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A desiccant is a chemical which is hygroscopic enough to absorb water from hydrated compounds in the same sealed environment.

Common desiccants


Substance1 pH Water capacity Effectiveness Reversible Notes
Acetonitrile High High Yes Rarely used
Activated alumina Basic or acidic Medium High Yes Can also be used to adsorb fluorides
Activated charcoal Medium Medium Yes Will also adsorb other gasses
Aerogel High High Yes Expensive
Aluminium nitrate Slightly acidic Medium Medium No
Bentonite clay
Calcium Alkaline High Very high No Reaction with water releases large amounts of hydrogen
Calcium chloride Neutral High Medium Yes Deliquescent; often used in drying tubes
Calcium hydride Alkaline High Very high No
Calcium nitrate Neutral Medium Medium Yes
Calcium oxide Alkaline High High No Calcium oxide will only remove water from ethanol until 5000 ppm.[1]
Calcium sulfate Neutral Low High Yes Very fast and efficient drying agent, but a lot of drying agent might be necessary
Cement (Portland) Alkaline Medium Medium No Used in desiccators, cannot be used directly
Cobalt(II) chloride Yes Mostly used as water indicator
Copper(II) sulfate Neutral Low Medium Yes Mostly used as water indicator
Magnesium High No Reaction is very slow, rarely used; Mostly used for removing traces of water
Magnesium sulfate Neutral High Medium Yes Good multipurpose drying agent; exists in powder and granular form; has the ability to absorb a lot of water
Magnesium chloride Neutral High Medium Yes Deliquescent
Molecular sieves Weakly basic High High Yes Drying takes hours to days; Unsuitable for drying ketones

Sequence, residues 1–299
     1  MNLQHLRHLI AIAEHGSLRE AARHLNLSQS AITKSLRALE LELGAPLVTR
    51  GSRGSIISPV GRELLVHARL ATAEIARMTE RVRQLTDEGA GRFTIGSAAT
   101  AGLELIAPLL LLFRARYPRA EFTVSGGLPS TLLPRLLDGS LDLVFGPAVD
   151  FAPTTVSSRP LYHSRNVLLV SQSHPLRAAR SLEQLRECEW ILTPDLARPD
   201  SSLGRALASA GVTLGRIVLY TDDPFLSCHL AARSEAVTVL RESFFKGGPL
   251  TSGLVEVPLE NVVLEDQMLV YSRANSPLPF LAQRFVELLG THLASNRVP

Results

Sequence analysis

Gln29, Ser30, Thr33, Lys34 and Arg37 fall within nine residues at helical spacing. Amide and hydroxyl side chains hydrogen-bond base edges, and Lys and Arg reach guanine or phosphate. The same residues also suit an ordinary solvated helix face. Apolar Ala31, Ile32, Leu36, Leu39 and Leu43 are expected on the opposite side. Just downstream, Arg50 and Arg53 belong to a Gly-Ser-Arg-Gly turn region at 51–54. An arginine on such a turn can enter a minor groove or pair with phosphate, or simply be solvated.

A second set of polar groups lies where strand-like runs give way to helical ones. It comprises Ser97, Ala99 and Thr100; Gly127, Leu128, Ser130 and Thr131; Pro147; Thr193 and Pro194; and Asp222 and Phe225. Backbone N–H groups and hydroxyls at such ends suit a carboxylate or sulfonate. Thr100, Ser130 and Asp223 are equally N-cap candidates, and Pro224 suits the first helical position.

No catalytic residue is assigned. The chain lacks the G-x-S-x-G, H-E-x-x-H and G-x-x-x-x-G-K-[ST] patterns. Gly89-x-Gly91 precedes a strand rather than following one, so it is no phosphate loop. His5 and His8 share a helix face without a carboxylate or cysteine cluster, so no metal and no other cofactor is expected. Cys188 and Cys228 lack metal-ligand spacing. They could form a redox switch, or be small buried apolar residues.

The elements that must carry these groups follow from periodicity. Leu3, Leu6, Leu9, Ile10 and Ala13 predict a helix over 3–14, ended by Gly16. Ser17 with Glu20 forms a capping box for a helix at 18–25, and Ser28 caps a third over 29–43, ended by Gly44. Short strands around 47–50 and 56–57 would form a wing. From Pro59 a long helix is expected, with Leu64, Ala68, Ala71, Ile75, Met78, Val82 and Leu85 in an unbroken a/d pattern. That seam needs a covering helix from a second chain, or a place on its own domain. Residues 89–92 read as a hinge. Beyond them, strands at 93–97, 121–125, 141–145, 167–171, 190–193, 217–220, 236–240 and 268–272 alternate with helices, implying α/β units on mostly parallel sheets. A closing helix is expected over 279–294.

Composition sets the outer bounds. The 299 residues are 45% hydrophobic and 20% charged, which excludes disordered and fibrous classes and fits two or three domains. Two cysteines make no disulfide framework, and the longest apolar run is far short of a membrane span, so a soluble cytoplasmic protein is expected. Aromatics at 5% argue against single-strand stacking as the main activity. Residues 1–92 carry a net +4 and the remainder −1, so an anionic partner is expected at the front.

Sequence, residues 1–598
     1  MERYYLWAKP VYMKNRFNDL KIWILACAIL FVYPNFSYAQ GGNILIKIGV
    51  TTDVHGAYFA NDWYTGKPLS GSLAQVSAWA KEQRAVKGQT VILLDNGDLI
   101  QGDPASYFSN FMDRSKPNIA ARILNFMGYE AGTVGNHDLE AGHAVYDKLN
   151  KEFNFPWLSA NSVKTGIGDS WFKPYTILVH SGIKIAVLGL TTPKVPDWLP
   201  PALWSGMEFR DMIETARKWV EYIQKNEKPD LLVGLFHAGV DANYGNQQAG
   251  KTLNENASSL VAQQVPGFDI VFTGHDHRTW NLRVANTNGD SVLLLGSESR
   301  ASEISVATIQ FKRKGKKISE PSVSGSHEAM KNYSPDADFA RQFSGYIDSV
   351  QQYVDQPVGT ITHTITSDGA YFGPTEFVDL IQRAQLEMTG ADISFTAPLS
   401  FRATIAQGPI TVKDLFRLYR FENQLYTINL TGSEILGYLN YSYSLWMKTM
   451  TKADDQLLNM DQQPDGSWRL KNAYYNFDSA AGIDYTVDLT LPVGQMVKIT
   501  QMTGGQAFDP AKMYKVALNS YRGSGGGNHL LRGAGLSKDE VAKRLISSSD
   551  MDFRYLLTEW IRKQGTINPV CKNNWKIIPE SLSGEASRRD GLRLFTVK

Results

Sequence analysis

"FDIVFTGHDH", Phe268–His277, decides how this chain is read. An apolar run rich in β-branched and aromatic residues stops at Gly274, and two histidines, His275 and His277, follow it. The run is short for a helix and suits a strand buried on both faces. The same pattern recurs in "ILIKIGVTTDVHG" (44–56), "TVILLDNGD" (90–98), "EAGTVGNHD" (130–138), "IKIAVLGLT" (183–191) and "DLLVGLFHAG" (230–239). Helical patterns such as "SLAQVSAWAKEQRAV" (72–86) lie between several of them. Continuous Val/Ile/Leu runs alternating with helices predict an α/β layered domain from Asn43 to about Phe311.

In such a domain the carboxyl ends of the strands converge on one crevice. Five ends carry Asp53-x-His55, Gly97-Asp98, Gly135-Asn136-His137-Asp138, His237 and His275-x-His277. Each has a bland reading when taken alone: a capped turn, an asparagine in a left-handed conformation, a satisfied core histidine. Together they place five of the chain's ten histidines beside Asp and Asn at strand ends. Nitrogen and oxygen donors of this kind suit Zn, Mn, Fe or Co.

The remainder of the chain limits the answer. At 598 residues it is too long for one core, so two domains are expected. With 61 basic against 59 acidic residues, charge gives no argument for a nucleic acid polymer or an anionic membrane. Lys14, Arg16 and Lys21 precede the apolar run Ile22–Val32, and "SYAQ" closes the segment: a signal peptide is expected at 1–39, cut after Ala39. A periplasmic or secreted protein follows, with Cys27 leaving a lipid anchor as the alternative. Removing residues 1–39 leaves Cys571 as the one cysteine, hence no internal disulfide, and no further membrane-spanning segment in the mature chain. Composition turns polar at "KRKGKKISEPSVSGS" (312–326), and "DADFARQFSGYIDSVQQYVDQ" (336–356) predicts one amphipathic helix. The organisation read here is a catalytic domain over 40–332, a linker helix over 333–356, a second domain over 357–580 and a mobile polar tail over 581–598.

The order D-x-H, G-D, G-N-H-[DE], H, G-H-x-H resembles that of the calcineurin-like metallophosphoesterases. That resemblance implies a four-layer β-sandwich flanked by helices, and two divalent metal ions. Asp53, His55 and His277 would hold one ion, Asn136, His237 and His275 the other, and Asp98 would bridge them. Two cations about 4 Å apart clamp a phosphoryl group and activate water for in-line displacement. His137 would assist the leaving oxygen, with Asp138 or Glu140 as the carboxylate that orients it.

Potassium carbonate Acidic Medium High No Good for thoroughly drying predried compounds
Potassium carbonate Alkaline Low Medium Yes Only for alkaline compounds
Potassium hydroxide Alkaline High High Yes
Silica gel Weakly acidic High Medium Yes
Sodium Alkaline High Very High No More often used to remove traces of water from aprotic solvents
Sodium hydroxide Alkaline High High Yes Very effective for basic compounds, such as amines; caustic
Sodium oxide Alkaline High Very High No More effective when used to dry compounds predried with another desiccant
Sodium sulfate Neutral High Low Yes Used to dry solvents; Requires lots of it; only good for predrying;
Sulfur trioxide Acidic High Very high No Tends to form a mist of sulfuric acid in contact with moist air
Sulfuric acid (concentrated) Acidic High High Yes, difficult Used in desiccators, cannot be used to dry solutions directly
Zinc chloride Acidic Low Low Yes Regenerating must be done in a stream of hydrogen chloride

1All compounds are considered anhydrous.


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  1. Ford, S. G.; Marvel, C. S., Organic Syntheses; Wiley: New York, 1943; Collect. Vol. 11, p 373.